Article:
Secretariat, written by Mike Rich, on ‘suggestion’ by William Nack’s book, Secretariat: The Making Of A Champion, is a masterly script. In the typical Disney fashion, the film tells a tale of hardened resolve in the face of many odds, leading to the protagonist’s ultimate triumph. In taking a real life story and dramatising it, the writer has mostly stuck to the facts and told, very beautifully, the inspiring tale of the greatest racehorse ever. However, the film will appeal more to the adults than the kids because it takes the audience through Penney Chenery’s conundrums and her tumultuous relationship with her husband and brother. Women will certainly sympathise with her character. If there be any flaw in the script, it might be the fact that it is a candy-floss version of what might have really happened. The dialogues are terse and functional, leaving aside a little bit of rhetoric.
The performances are all stellar. Diane Lane is wonderful and impactful in her role of Penney Chenery. John Malkovich will bring a smile to the audience’s faces as the eccentric but earnest French-Canadian trainer. Otto Thorwarth, as Secretariat’s Jockey, leaves a mark. Margo Martindale, as Penny’s assistant, is loveable. Nelsan Ellis, as Eddie, Secretariat’s groom, is very good. Scott Glenn, Dylan Walsh and Dylan Baker do well. Fred Dalton Thompson and James Cromwell are effective in their short roles. AJ Michalka, Sean Cunningham, Jacob Rhodes and Carissa Capobianco do well as Penney’s kids. Watch out for a special appearance by the real Mrs. Penney Chenery herself!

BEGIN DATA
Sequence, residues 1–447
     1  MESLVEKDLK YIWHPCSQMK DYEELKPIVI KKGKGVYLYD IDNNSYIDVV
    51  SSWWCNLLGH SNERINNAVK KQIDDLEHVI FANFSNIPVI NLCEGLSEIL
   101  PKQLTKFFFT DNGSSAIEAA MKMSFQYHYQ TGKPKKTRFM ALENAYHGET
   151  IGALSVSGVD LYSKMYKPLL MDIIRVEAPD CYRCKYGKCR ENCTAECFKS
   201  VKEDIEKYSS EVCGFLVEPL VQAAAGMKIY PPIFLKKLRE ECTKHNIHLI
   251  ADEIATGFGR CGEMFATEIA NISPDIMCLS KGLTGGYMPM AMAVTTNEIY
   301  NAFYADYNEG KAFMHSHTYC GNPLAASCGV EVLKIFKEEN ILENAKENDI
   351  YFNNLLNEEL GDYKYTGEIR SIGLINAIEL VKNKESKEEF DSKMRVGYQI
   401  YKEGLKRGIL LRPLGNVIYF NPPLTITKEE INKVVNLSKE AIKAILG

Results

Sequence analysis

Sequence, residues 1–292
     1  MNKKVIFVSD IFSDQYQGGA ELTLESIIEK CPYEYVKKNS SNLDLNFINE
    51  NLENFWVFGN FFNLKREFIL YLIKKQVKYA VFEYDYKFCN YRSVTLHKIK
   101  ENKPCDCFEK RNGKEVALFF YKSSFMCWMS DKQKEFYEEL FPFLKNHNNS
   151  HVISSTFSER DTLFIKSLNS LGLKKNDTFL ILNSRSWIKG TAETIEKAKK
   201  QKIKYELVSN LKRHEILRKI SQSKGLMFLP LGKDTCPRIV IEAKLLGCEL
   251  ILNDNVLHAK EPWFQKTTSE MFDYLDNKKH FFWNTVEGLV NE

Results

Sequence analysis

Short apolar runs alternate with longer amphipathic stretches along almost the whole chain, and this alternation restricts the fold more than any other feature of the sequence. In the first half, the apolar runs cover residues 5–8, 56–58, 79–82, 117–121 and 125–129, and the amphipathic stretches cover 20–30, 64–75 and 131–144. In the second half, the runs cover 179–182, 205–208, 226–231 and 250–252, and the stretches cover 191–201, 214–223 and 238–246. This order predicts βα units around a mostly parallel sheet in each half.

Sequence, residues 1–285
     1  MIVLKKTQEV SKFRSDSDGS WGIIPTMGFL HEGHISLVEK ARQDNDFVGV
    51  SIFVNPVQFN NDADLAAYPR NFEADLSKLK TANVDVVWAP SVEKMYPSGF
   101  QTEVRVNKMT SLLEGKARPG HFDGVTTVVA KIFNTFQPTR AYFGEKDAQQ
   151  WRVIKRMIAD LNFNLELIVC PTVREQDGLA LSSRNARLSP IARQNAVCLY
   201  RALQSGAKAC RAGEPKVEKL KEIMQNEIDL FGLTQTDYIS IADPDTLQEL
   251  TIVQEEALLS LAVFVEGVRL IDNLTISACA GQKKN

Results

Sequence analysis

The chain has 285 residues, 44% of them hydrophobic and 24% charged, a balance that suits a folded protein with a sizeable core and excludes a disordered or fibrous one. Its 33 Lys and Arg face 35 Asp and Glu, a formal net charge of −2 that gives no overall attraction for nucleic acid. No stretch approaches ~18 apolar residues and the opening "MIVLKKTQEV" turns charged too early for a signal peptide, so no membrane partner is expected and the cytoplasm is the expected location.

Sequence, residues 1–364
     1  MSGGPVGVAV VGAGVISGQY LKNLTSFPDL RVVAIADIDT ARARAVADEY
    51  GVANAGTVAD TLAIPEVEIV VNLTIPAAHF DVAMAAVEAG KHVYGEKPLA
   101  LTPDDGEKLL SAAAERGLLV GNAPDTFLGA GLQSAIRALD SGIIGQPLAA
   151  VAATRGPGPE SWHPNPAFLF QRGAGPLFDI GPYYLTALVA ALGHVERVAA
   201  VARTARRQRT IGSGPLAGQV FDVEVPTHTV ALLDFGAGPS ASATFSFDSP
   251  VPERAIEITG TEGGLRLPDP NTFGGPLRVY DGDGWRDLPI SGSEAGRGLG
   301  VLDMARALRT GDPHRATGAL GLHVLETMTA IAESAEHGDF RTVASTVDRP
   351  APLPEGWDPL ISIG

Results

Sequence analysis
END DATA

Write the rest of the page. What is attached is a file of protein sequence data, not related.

Direction & Editing
Director Randall Wallace does a good job. He is able to spin an inspiring tale. Even though we know the ultimate outcome of the drama, he has managed to create suspense by showing Secretariat losing in a race before the final three. He also, very cleverly, moves the focus of the film from the horse to the trials and tribulations of its owner, thus leveraging the story’s emotional quotient. The film’s excellent cinematography, by Dean Semler, and editing, by John Wright, go a long way in realising Wallace’s vision. All the races are very well-shot and edited; the farm locations have also been picturised very well.
The Last Word
On the whole, Secretariat makes for a good watch for the entire family. Its positivity should lead to good word-of-mouth.